Cars Land: New park hopes to boost Walt Disney Co.'s fortunes
Cars Land, the newest addition to Disneyland's California Adventure Park, opened last week. Disney hopes Cars Land, inspired by the popular 'Cars' film franchise, will draw customers to the under-performing theme park.
(Page 2 of 2)
Disney’s many theme parks and resorts are an important part of its business share. In the first quarter of this year, they combined for $2.9 billion in revenue –a 10 percent increase from 2011. Much of this revenue came from merchandise, and Cars Land will include plenty more opportunities for visitors to buy branded Disney toys, souvenirs, and clothing.Skip to next paragraph
Subscribe Today to the Monitor
Indeed, Disney intends the Cars section to function as a true “second gate,” enticing visitors to increase the amount of time they spend both at California Adventure and that other, more classic park next door – Disneyland. More time spent in the ark often translates into more money spent, both on in restaurants and gift shops.
Such sales have a higher profit margin than ticket sales, though those have been increasing. Price increases that took effect in May included jumps of between $7 and $150, depending on the ticket deal. The biggest increases will effect premium annual pass packages, which will now cost $649, up from $499, a 30 percent jump.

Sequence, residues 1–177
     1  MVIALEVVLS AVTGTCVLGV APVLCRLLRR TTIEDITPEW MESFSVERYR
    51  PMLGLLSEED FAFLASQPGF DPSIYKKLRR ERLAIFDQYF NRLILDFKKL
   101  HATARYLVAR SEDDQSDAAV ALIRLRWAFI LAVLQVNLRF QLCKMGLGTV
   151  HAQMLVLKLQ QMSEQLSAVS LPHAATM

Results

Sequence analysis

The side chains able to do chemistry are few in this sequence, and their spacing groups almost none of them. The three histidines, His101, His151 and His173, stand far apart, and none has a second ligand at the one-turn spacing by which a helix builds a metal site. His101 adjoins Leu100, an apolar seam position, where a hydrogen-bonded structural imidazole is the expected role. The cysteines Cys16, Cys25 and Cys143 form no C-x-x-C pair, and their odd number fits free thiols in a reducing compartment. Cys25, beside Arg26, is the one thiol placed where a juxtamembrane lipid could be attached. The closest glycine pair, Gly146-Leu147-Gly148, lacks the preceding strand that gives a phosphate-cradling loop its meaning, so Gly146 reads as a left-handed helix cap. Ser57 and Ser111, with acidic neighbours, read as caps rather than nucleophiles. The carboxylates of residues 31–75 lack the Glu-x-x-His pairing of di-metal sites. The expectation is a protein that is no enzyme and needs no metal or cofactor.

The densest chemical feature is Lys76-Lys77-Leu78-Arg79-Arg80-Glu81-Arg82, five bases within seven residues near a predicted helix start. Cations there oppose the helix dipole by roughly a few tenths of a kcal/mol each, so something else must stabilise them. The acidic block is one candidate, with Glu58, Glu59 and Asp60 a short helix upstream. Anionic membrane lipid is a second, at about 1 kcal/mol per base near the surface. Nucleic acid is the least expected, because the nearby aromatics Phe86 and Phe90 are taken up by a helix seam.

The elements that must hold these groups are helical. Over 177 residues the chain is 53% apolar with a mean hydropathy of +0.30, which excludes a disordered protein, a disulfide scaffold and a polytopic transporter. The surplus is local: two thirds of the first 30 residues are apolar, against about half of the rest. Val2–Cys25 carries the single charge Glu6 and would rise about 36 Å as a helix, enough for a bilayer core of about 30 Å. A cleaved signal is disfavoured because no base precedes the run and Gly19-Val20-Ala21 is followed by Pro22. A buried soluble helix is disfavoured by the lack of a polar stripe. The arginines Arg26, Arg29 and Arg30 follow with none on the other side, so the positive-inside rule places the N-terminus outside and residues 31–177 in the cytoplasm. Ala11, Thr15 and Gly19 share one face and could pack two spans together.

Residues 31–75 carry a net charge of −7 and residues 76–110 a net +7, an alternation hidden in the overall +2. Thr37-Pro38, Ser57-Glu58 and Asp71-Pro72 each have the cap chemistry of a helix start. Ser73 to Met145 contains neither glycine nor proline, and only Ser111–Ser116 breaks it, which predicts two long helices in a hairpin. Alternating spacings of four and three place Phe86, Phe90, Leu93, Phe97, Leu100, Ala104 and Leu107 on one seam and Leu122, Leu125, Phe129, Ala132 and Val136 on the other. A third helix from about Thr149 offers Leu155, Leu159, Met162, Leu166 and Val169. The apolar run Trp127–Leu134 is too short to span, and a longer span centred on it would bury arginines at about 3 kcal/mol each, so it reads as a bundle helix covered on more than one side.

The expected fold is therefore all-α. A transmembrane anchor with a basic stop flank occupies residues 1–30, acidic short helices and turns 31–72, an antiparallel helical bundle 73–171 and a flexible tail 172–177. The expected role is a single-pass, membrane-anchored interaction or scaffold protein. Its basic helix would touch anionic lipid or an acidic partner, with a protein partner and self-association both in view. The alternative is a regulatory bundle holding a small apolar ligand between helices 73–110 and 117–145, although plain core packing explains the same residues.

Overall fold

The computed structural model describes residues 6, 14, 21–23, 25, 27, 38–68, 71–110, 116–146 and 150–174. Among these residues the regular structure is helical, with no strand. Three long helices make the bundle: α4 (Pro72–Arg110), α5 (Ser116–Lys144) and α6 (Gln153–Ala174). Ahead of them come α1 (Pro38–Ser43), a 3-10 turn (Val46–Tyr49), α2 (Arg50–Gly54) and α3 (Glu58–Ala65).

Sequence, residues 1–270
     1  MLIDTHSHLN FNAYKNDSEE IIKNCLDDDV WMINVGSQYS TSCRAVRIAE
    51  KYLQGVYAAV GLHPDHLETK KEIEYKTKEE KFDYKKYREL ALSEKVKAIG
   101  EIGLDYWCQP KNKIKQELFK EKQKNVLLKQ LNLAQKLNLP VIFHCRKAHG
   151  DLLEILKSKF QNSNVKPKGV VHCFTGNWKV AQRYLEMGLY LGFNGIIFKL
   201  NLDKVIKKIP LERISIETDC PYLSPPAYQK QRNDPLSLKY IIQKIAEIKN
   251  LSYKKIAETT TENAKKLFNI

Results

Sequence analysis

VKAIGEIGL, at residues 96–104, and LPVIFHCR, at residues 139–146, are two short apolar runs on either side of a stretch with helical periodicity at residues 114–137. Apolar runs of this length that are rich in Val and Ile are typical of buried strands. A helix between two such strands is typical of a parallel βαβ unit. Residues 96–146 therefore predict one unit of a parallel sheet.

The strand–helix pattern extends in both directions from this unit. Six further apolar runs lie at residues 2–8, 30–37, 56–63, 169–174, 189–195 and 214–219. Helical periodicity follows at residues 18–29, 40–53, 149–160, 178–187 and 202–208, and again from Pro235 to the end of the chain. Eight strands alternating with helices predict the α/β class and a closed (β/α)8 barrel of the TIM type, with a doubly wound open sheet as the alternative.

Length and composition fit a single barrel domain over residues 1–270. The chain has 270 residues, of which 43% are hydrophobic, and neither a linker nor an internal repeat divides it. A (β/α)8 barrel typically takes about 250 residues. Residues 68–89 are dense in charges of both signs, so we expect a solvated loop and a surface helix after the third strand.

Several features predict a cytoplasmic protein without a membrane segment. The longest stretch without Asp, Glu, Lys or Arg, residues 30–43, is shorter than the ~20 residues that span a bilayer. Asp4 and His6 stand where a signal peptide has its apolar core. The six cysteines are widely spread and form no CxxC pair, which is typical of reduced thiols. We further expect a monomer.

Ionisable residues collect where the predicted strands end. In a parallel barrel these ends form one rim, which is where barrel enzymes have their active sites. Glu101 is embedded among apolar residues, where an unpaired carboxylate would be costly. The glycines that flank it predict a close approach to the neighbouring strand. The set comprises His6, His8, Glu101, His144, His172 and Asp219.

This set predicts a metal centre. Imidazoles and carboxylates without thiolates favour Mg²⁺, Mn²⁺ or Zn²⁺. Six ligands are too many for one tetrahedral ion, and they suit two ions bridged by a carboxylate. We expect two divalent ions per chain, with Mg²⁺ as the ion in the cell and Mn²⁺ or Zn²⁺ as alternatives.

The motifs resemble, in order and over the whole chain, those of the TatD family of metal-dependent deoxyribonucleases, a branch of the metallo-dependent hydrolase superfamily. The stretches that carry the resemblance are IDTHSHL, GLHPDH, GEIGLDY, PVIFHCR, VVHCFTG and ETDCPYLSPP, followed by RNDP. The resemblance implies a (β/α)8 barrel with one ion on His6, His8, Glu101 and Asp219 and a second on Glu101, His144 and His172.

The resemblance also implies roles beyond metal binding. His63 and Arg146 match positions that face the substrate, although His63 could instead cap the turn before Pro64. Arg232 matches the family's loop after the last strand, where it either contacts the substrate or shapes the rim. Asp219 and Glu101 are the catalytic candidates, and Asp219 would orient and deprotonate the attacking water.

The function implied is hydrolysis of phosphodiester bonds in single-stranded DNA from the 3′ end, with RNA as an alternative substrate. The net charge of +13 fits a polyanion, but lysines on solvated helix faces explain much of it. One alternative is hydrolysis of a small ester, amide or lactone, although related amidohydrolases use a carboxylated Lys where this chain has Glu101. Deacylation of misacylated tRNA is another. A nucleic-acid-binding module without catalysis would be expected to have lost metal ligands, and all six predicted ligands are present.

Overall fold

Currently, a "1-Day, 1-Park" ticket for visitors ages 10 and up will now run you $87, and a "1-Day Park Hopper" (which grants access to both California Adventure Park and Disneyland) costs $125. The new improvements may help justify these prices increases, according to a report compiled by Morgan Stanley media analyst Benjamin Swinburne.
"Strong parks pricing is a function of both recent investments and solid demand," Swinburne said in the report. "The price increase immediately precedes the unveiling of Cars Land at the California Adventure park and follows initial phases of the Fantasyland expansion at Disney World [in Orlando], as Disney begins to monetize a multiyear reinvestment in its theme parks."
Disney is not the first theme park operator to attempt to cash in on its newer, more lucrative movie franchises . In 2010 Disney competitor Universal Studios opened its Harry Potter-themed addition at Orlando’s Islands of Adventure. The Wizarding World of Harry Potter has so far boosted attendance for Universal. It's a successful model Disney hopes to replicate, with rides and attractions that immerse visitors in the world of the dashing Lightning McQueen, perennial runner-up Chick Hicks, old-school Doc Hudson and Mater, the loveable, incorrigible hayseed tow truck.